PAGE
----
There is nothing more meaningful to celebrating the nation’s birthday than contributing your time to do something meaningful this year.
Have you found time to volunteer recently? If so, what did you do? Do you enjoy giving back to communities in need? If you haven’t, have you had the opportunity to volunteer in the past?
At one point in your life, you would have helped someone in some form. And chances are you would have felt pretty good about doing good. In fact, there’s a saying from the 1980s that best describes this feeling of satisfaction: “Helper’s High”.
That’s right, science has proven that expressing generosity to others releases a good dose of the feel-good hormone oxytocin in our body. Other research has shown that do-gooders have improved emotional well-being and may have lower stress levels too.
This National Day, get your fill of “Helper’s High” by volunteering and helping communities in need. Read on and check out some of our suggestions to do good and volunteer in Singapore. Many of these suggestions are part of the Singapore Cares (SG Cares) initiative which champions doing good in the community.
If you have trouble figuring out who and how to help, you may want to check out the #DoingGood website. Staying true to this year’s National Day Parade theme “Stronger Together, Mahjulah!”, that Singapore Spirit of helping one another and creating a better future as one big family, this online directory offers users an extensive selection of beneficiaries to choose from.
Check out some of our recommendations below:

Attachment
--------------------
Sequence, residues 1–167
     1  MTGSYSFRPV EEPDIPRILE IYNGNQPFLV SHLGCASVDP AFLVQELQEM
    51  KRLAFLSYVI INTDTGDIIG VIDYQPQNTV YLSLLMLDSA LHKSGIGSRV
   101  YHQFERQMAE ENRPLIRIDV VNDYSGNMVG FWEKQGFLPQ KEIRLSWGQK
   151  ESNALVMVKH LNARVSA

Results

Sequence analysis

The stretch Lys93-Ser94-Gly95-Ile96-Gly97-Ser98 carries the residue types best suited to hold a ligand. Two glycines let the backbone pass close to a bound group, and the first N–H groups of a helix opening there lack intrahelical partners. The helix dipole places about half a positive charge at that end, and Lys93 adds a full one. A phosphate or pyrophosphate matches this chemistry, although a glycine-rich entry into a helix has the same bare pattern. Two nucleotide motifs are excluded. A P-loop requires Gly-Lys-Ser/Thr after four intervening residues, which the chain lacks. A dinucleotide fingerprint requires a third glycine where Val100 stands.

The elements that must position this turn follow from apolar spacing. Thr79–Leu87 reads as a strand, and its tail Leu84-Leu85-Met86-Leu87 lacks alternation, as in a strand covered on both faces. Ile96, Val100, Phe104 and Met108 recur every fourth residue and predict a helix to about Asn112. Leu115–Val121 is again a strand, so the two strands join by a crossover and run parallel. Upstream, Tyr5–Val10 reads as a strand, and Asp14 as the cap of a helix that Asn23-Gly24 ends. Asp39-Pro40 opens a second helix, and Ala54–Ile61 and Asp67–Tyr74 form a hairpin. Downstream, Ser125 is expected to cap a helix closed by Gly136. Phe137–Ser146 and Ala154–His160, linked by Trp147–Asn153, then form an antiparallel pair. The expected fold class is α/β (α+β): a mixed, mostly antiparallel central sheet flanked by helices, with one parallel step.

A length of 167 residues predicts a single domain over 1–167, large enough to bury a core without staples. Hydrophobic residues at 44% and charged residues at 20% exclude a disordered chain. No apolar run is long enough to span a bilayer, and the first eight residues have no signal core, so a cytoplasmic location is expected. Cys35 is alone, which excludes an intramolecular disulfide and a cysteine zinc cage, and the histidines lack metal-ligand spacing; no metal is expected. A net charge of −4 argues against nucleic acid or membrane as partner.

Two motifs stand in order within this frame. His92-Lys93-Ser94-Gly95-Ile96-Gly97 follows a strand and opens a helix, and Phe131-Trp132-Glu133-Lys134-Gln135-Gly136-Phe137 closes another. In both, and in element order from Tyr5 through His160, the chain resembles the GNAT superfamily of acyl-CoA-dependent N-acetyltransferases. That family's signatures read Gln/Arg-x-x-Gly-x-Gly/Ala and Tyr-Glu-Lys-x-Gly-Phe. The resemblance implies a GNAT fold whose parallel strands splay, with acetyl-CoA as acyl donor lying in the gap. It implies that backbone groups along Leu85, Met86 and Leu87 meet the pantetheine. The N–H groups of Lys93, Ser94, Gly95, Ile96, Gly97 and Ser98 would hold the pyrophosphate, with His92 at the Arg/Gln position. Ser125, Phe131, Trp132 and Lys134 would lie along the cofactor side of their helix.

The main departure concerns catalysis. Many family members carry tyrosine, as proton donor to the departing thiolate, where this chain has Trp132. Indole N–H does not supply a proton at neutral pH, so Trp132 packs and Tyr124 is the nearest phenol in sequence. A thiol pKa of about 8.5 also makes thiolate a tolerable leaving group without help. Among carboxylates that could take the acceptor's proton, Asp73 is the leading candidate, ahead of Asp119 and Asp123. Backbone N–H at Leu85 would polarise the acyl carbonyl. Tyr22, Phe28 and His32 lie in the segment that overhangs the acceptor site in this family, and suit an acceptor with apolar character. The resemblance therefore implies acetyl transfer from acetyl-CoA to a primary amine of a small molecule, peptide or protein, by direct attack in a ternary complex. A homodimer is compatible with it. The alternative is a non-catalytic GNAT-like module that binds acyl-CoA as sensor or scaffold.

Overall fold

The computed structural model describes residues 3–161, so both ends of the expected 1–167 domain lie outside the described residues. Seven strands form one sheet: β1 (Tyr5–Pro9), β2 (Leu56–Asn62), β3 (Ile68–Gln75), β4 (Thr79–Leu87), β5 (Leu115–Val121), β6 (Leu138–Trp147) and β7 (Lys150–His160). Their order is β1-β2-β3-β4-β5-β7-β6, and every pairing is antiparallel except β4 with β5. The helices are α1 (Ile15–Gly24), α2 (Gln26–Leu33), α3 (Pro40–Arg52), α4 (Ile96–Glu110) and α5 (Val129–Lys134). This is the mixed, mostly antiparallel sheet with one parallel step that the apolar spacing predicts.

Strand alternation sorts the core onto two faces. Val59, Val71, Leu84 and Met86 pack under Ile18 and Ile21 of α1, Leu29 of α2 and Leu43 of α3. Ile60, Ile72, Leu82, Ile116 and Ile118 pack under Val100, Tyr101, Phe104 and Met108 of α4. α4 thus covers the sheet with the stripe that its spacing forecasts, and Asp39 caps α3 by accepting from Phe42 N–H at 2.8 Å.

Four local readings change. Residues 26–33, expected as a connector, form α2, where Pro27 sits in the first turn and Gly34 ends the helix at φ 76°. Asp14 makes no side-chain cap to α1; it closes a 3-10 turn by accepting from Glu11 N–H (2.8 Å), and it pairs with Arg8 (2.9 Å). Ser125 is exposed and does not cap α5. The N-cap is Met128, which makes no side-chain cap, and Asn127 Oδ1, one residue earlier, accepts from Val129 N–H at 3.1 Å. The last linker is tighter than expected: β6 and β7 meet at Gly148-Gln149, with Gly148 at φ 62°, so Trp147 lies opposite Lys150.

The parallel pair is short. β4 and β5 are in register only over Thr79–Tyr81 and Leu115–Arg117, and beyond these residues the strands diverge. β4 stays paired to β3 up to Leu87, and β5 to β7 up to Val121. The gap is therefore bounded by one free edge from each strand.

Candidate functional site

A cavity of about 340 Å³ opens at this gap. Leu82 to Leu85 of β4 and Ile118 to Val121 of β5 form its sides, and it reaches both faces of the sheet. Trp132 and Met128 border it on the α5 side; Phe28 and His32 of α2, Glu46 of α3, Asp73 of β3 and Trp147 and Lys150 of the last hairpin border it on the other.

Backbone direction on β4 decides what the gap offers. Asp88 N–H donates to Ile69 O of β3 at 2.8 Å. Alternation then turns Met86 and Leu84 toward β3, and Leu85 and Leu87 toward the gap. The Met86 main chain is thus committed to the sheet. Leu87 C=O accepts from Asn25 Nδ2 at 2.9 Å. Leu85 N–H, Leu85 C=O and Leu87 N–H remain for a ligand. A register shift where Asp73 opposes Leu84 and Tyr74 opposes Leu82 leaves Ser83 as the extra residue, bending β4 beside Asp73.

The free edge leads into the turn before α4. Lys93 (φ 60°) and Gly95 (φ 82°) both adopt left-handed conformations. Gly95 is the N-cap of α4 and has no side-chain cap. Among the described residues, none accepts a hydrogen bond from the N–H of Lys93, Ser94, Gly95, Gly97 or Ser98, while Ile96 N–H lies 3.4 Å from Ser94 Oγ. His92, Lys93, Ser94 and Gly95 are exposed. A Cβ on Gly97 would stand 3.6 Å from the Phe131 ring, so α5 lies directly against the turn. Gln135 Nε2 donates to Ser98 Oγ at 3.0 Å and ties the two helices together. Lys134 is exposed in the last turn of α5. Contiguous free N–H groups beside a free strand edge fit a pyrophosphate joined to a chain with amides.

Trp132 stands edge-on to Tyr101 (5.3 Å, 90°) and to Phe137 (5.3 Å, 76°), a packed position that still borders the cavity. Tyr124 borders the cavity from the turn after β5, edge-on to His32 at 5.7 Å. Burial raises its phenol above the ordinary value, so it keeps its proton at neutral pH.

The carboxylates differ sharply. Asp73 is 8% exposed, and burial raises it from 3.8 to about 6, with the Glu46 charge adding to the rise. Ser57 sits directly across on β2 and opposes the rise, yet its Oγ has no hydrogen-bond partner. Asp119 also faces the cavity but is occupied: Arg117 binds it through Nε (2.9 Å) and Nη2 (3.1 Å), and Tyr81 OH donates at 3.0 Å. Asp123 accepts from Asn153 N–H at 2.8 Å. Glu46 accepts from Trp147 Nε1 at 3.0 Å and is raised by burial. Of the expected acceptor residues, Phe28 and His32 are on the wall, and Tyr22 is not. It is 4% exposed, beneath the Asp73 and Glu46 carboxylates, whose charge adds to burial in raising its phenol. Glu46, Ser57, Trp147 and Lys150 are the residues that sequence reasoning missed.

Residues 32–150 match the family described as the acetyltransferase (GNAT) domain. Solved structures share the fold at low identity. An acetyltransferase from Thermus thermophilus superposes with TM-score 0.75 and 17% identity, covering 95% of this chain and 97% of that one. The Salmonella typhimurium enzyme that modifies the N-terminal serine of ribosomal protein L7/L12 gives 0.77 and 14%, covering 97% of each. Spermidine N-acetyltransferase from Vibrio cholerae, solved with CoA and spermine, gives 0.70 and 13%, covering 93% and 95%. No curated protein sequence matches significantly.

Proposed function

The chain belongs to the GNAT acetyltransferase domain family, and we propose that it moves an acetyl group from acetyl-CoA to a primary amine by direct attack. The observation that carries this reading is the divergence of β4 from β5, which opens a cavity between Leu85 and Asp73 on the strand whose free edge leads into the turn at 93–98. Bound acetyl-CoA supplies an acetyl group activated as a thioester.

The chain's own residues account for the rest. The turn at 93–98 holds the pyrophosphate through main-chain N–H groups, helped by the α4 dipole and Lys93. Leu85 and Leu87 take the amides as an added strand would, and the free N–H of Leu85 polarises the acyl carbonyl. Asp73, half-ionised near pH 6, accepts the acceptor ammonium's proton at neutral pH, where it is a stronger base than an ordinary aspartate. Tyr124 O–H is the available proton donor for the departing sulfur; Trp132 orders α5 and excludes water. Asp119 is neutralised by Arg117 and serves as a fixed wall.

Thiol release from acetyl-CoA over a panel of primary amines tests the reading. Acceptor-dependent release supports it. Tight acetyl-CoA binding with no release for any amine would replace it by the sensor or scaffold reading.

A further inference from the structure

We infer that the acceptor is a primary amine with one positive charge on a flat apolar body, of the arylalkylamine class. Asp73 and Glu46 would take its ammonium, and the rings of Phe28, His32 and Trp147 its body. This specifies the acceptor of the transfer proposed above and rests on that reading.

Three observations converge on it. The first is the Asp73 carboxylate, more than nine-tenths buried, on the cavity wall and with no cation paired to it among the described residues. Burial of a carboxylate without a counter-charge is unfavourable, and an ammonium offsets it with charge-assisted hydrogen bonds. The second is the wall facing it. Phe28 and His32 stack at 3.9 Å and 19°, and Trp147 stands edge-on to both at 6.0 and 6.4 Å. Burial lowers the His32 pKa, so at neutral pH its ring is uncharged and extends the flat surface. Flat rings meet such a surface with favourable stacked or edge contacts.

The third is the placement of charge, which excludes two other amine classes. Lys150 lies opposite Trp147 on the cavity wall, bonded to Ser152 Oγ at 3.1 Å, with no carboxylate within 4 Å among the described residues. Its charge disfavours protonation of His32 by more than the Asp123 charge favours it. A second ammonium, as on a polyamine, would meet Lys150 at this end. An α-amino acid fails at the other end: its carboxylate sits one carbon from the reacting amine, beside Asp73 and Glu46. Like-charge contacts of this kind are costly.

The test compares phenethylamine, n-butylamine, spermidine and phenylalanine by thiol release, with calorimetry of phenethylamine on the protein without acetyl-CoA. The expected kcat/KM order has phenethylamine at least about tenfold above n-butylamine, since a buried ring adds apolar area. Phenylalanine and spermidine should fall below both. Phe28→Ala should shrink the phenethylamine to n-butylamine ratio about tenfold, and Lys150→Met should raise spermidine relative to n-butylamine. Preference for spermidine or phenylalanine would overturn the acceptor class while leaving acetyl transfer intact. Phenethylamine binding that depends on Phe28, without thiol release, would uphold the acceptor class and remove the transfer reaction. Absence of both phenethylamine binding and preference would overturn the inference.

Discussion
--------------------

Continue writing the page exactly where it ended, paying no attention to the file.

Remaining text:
Dialysis Centre Volunteers: Stand with National Kidney Foundation (NKF) at the frontline to help safeguard the safety of dialysis patients through the provision of administrative and logistical support.
You can choose to commit one day per week or weekend for 2.5 hours per session.
Select here to volunteer at NKF.
Silver Generation Ambassadors: The Silver Generation Office (SGO) supports the ageing needs of seniors through engaging them at home and at community places. Through these engagements, seniors are encouraged to stay active, healthy and will be connected to government schemes that they can benefit from.
You can choose to commit one hour per session on any day of the week.
Select here to support SGO.
Food Ration Distribution: Social Health Growth Ltd provides monthly food rations to their beneficiaries across different areas in Singapore and requires dedicated and committed volunteers to help with administrative and physical work, which may include heavy lifting as well as a substantial amount of walking.
You can choose to commit one weekend a month for 4 hours.
Select here to support Social Health Growth Ltd here.
Tutoring and Befriending Children with Chronic Illnesses: Support the learning needs of children with chronic illnesses by providing personalised tutoring sessions. Your impact goes beyond that - you are also providing respite for caregivers and reducing the stress they face when it comes to supporting their children’s academics.
You can choose to commit one day per week on a weekday or weekend. Each session is 2-hour long.
Select here to volunteer at Club Rainbow.
Make your pledges to do good known at this interactive social wall: #PledgeSG. The online social wall spotlights Singaporeans vocalising their desire to do good and how they are going about it. From pledging to “lead a healthier lifestyle” to “keep parks clean”, the possibilities are endless.
The one-stop volunteering portal has everything you need to figure out what needs to meet. Interestingly, you may also take the opportunity to upskill yourself in the midst too. Below are some of our suggestions:
If you are a youth struggling to communicate with an elderly person who can only speak in dialect, sign up for dialect courses by the Youth Corps Singapore Eldercare Cluster and learn how to hold basic conversations in Hokkien in just six sessions. That way, you can better understand and care for your grandparents at home and the elderly people around you.
Or if you have time and swimming proficiency, you can volunteer your time to guide stroke patients with water therapy exercises by the pool.
Feature Image by UnSplash.
By Sng Ler Jun